A research team in Canada has suggested that the early warning signs of cardiovascular disease (CVD) may be gleaned from a simple saliva sample, according to a study published earlier in August in Frontiers in Oral Health.
A group led by Dr. Trevor King of Mount Royal University in Calgary, Alberta, used a simple oral rinse to see if levels of white blood cells (WBCs) -- an indicator of gum inflammation -- in the saliva of healthy adults could be linked to the warning signs of CVD. They found that high levels of WBCs correlated with compromised flow-mediated dilation, an early indicator of poor arterial health.
"Even in young healthy adults, low levels of oral inflammatory load may have an impact on cardiovascular health -- one of the leading causes of death in North America,” King said in a news release from the university.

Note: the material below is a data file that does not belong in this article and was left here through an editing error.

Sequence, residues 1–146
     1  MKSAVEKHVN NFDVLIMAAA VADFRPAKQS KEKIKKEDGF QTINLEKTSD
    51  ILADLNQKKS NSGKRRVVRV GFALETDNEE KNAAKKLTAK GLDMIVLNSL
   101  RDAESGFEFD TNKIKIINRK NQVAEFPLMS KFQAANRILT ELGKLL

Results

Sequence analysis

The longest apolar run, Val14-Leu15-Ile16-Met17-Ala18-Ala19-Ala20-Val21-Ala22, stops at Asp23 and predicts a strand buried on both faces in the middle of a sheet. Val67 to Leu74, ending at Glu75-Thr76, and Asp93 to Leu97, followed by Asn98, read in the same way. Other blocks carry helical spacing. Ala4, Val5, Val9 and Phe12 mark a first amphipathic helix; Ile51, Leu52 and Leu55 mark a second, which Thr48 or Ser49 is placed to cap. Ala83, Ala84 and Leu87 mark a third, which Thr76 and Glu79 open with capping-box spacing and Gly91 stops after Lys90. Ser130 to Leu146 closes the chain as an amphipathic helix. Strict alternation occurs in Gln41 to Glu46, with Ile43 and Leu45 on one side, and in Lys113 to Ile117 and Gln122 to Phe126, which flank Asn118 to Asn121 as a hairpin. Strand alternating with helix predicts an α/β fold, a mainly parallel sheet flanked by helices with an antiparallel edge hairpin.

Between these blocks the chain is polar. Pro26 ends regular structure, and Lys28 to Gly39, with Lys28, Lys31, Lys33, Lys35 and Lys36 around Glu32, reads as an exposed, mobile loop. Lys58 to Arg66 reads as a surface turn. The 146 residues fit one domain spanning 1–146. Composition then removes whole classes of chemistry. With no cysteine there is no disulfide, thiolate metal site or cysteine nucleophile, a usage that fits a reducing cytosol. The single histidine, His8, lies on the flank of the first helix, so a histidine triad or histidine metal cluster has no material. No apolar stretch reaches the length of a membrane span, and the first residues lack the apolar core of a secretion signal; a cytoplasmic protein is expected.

The researchers recruited 28 nonsmokers between the ages of 18 and 30 with no comorbidities or medications that could affect CVD risk. The study participants had no reported history of periodontal disease. They were asked to fast for six hours, except for drinking water, before visiting the lab.
At the lab, participants first rinsed their mouths with water before rinsing with saline, which was collected for analysis. Participants then lay down for 10 minutes for an electrocardiogram. They remained in a prone position for another 10 minutes so scientists could assess their blood pressure, flow-mediated dilation, and pulse-wave velocity.
A high WBC count in the collected saliva samples showed a significant association with poor flow-mediated dilation, suggesting that these individuals may be at heightened risk of CVD, the authors wrote.
However, there was no relationship between a high WBC count and pulse wave velocity, suggesting that longer-term impacts on the health of the arteries had not yet taken place, the group noted.
"This study was a pilot study. We are hoping to increase the study population and explore those results. We are also hoping to include more individuals with gingivitis and more advanced periodontitis to more deeply understand the impact of different levels of gingival inflammation on cardiovascular measures,” the group concluded.